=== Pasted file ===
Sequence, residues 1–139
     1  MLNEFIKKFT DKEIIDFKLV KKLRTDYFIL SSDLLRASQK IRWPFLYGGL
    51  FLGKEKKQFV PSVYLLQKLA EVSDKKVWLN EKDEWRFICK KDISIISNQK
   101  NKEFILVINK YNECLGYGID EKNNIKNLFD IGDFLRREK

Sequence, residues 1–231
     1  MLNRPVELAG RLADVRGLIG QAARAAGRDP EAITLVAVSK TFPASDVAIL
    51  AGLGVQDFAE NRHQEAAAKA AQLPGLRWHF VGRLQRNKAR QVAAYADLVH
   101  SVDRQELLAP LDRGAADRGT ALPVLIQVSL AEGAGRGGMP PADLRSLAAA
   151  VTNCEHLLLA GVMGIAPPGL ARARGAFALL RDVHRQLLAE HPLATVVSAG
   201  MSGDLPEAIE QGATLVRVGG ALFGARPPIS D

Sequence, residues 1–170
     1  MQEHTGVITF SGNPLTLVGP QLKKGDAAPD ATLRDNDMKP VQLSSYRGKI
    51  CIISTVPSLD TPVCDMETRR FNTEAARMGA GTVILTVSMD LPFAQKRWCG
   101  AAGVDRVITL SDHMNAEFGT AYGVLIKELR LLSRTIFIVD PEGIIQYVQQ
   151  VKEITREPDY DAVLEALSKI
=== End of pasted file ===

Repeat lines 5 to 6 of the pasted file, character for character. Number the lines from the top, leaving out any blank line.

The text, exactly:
Sequence, residues 1–231
     1  MLNRPVELAG RLADVRGLIG QAARAAGRDP EAITLVAVSK TFPASDVAIL